JavaScript is a rollercoaster. From "Golly hello world is easy and I can make webpages now", to "wtf '1'+1 is '11' kill me now", to "it's not be that bad if you know how to use it", to discovering typescript and it starts feeling like a real language.

... until you can't build the project because you have too many types so you blow the memory limit in node. I can up the limit, but I can't guarantee that we won't blow past this in the future. Browsing issues on the ts repo reveals that this has been a thing for years.

Sticking with the rollercoaster analogy I'm now at "Burn it all to the ground".

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    I'm starting to get what's the deal with all this JS train... Almost every goddamn time there are contributors and maintainers that force close issues that have not resolved the premise. One can argue that same thing applies to developers using other languages and that these have lesser amount of frameworks to seriously rely on, but I've grown weary of seeing ultra confident JS devs that assert the problem is solved and issue discussion only keeps growing because it is actually some reoccurring problem. And to keep sponsors on their side, of course, they would try their best to prevent further discussion, which is the path of convulsive resistance to accept facts.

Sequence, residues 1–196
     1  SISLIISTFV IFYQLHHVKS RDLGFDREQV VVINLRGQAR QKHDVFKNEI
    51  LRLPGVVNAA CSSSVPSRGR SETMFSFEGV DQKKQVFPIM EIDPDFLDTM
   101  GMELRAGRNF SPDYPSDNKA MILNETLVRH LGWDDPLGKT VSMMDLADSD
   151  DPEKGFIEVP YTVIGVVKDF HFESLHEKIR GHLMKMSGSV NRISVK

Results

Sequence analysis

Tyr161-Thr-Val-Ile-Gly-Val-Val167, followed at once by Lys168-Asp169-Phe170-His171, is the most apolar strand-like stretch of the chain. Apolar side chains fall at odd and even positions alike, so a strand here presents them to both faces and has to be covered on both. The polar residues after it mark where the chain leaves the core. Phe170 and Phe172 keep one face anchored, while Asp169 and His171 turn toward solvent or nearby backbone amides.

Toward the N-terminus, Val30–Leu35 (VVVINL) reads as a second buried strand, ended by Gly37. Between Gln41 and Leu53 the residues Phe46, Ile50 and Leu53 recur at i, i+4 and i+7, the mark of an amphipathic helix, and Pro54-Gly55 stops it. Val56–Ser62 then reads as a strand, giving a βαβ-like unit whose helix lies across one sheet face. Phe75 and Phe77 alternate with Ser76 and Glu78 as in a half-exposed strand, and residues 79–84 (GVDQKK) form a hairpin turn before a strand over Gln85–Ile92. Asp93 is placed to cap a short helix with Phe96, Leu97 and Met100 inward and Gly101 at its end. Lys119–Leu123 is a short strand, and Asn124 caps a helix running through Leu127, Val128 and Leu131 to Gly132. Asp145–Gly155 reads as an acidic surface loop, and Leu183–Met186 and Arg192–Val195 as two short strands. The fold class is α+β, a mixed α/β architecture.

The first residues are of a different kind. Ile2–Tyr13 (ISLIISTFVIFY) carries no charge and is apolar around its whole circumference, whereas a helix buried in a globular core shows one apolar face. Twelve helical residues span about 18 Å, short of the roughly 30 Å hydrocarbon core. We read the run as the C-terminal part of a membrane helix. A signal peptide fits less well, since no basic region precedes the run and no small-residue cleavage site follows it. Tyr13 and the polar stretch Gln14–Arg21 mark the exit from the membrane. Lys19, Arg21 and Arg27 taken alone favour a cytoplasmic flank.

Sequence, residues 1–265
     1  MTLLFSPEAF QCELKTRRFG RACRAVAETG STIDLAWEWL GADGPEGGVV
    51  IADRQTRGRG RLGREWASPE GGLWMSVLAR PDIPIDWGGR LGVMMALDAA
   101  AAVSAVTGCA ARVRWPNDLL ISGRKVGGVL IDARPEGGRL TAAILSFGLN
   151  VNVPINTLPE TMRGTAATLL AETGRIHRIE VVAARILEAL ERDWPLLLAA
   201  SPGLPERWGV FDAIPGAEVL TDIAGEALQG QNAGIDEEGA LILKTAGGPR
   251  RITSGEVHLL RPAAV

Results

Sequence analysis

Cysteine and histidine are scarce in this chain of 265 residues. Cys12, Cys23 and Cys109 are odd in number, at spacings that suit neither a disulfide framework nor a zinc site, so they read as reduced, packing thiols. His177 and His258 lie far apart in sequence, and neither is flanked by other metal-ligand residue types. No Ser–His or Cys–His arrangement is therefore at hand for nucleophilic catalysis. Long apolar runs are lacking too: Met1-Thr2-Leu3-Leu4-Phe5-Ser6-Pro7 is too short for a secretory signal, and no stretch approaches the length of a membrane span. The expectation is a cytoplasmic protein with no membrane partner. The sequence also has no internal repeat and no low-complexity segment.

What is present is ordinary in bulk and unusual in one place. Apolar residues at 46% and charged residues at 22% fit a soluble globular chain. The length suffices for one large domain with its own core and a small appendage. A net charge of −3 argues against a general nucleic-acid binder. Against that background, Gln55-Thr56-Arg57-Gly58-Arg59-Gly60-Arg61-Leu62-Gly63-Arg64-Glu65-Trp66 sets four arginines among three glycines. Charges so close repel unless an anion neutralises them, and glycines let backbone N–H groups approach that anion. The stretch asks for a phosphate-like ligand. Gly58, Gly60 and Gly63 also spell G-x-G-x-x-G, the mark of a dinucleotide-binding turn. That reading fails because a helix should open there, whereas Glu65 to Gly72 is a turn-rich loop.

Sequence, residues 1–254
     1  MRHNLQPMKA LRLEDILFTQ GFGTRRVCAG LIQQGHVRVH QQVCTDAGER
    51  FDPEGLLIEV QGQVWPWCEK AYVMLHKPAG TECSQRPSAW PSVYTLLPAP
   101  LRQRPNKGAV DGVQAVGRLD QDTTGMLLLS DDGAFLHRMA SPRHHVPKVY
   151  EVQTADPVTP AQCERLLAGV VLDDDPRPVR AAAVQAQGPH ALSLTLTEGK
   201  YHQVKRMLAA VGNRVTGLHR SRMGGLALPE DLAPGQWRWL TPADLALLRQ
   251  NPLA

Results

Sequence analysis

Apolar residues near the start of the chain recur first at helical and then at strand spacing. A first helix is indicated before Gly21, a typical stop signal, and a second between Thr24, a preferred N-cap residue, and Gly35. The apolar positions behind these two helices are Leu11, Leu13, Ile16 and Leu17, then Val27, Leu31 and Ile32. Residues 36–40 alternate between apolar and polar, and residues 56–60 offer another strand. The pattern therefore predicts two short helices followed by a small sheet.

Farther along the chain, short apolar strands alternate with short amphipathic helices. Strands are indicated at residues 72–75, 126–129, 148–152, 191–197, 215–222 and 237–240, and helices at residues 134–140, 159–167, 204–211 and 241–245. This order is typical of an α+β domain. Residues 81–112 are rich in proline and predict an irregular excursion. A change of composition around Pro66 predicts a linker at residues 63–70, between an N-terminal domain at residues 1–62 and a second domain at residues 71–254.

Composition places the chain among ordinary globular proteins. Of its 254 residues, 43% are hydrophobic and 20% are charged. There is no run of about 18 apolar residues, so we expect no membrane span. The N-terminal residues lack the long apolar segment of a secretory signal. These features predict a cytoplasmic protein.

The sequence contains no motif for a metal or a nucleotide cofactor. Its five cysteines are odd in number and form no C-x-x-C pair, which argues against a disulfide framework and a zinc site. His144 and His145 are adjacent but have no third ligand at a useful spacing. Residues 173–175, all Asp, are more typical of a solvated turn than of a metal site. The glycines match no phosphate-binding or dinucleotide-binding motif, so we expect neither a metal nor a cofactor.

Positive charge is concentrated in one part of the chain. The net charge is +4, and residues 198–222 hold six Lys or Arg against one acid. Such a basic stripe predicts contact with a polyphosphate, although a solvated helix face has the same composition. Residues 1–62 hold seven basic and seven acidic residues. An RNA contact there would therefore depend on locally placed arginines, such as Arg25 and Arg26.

Just one of the reasons we have so much libraries now. (Though I'm trying to not lighten up fuss around absurd atomic libraries.)
  • 2
    @vintprox Also not JavaScript, but you reminded me of this snip I came across the other day
  • 0
    @ltlian Oh my, these subjects have lost fear entirely.
    What do we do with this, by the way?
  • 1
    The more I look into js the more I understand why web assembly started to be a thing..
  • 0
    @LotsOfCaffeine Well, I'm sure there would be alternative proposed and promoted sooner or later, otherwise Consortium without innovations would make no sense and be a subject to constant public pressure.
    Being tightly attached to JS monopoly for too long is no go.
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